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IN SESSION : MUSIC IN TELEVISION

"Music In Television" is about as broad a topic as "Guns In Warfare" (and I'm not so sure there aren't more similarities than we'd care to admit). Even as some generals are sure to tell you that you can wage better warfare with more guns, some producers and post-production supervisors will tell you TV is better with more music. For the sake of this article, we will be discussing TV series, not mini-series, not specials, not documentaries or any other format now is use, or yet to be devised, just series. The information, theories and opinions quoted below are drawn from the many series that we (my partner in crime, Maribeth Solomon and I) have had the good fortune on which to work. These include Adderley, Mount Royal, Alfred Hitchcock Presents, Twilight Zone and Struggle for Democracy.

How much? What type? Where? These are questions determined by the TV Collective Bargaining Committee which is usually some combination of the composer, the producer, the executive producer, the director, the
post-production supervisor and the cab driver who took you to work that day.
The reason this may seem a bit vague is because the hierarchy in the TV business can, and does, vary dramatically from show to show. However, as the composer, you have a responsibility to try to achieve the most artistic solution
to all of these questions while still delivering the kind of commercial impact that the powers that be have in mind.

How much time do I have? (or, "They don't want it good, they want it Thursday"). On "Adderley" our four-day turnaround took seven days. Let me explain:
Friday morning our week started with a trip to the production offices for a look at that week's episode, and a spotting session which always includes the post-production supervisor sometimes augmented by the executive producer, producer, writers and principal cast members. The artistic and technical considerations about where to put music and why are always interesting.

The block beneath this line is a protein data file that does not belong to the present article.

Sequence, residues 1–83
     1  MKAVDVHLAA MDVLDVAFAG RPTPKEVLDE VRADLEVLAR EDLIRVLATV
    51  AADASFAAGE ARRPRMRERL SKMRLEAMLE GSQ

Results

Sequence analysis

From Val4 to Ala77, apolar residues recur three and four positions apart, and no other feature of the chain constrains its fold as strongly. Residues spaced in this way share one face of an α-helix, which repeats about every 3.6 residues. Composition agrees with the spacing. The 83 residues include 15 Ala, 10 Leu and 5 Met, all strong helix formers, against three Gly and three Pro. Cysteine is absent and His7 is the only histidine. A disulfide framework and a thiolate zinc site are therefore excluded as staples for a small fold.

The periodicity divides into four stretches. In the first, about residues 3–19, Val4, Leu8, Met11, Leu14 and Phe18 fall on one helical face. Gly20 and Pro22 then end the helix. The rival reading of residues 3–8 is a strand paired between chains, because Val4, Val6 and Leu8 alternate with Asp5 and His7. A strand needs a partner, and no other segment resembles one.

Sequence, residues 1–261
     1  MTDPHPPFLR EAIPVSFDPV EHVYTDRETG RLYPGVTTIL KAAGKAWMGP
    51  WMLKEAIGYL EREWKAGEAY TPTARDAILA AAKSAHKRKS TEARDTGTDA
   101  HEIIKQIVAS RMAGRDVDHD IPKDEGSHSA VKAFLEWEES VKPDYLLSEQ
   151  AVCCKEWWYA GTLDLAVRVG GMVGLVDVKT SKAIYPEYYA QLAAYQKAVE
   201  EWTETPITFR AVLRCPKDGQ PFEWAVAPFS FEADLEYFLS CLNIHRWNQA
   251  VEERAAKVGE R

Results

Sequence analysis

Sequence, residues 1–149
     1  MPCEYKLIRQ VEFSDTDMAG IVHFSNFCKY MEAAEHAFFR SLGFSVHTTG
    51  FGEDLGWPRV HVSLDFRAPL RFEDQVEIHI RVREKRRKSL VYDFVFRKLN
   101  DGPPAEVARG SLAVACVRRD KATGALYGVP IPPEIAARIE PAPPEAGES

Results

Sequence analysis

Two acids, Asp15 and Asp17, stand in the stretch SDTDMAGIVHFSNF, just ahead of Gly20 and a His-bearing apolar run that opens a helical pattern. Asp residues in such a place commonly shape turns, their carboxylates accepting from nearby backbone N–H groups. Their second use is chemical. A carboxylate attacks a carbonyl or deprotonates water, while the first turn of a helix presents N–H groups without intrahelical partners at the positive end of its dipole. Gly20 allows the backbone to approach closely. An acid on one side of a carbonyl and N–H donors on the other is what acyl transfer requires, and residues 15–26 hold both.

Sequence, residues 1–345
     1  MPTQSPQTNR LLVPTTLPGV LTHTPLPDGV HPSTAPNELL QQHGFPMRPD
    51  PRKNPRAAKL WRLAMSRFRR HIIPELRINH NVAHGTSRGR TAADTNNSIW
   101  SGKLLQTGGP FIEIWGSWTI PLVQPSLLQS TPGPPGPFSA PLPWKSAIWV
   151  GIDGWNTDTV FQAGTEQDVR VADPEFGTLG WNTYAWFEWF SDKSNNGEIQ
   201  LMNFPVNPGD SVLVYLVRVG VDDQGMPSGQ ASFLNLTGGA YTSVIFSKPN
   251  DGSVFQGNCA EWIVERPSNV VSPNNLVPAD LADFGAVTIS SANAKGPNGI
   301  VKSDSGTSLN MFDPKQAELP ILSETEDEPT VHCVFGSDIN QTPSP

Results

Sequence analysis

Artistic considerations include things like drama, emotion, suspense, and action, whereas technical considerations can be anything from an act break to
creating a background ambiance to help cover-up faulty location sound. The spotting was usually finished by lunchtime, so the rest of the day was spent on mechanics (breaking down each cue into its cue sheet format) and thematic material needed for this specific episode. All of the cue sheet breakdowns included beginning and end cue as well as dialogue and action highlights listed
by time code (SMPTE) numbers. These numbers are used later to determine the corresponding bar and beat of each cue point.

Saturday through Monday was spent leisurely composing, arranging and orchestrating about seven minutes of music per day, thus totaling our average 20 minutes of music per episode. (This may sound like a lot of music, but I swear that never once did we play through the commercials.)

Tuesday was the day to finish any last minute charts, send all music to the copyist, and to Rob Yale, who did the Fairlight programming for us.

Wednesday was studio day. Starting in the morning with downloading the preprogrammed Fairlight tracks, continuing with live musicians (often including Lou Pomanti, Bob Mann, Verne Dorge and Guido Luciani) and finishing very early the next morning with fully-mixed music tracks, always checking with picture and sound. Mind you, there was usually an hour break at 11:30 p.m. to watch the airing of last week's episode.

Thursday was spent at Master's Workshop attending the music lay-in where it's positioned on a 24-track along with all dialogue, sound effects and so on, making it ready for the final film mix. This is the time to make sure you are absolutely happy with the position of the music in relation to the film because advancing or retarding music at this point is quite easy. (I admit this only takes a few hours, but usually I found myself craving a bit of sleep and a civilized meal by this time). After this, shifting the music means interrupting the flow of the final film mix, something to be avoided if at all possible.

So, what's in it for the composer?
Well, first let me say that not everyone draws the same conclusion from a given situation, but I found it to be both regarding and educating. What better way to learn about "chase music" than to write some every week and see how it works. Just the opportunity to see your music with a picture in such an immediate and frequent environment gives you a chance to evaluate and re-evaluate your fundamental picture scoring criteria.

It's necessary to identify the differences between T.V. and the big screen before you start to write. The time frame (one or half-hour shows with commercial interruptions) and the structure of the show (Adderley and Mount Royal were basically one hour programs in five acts, whereas Alfred Hitchcock and Twilight Zone were more like two act plays) will have tremendous impact on the type of score you can provide. The two other biggest differences between movie scores and T.V. scores are the two things we never seem to have enough of, time and money.

Is it art? I leave that to others to decide for themselves. For me, it's always the same - the page was blank when I started, I filled it with notes that I chose to support and enhance the picture, and I worked to my own standards. All things considered, I'd say it had it's moments.

Written by Mickey Erbe - composer/musician in Toronto.

 

 

   
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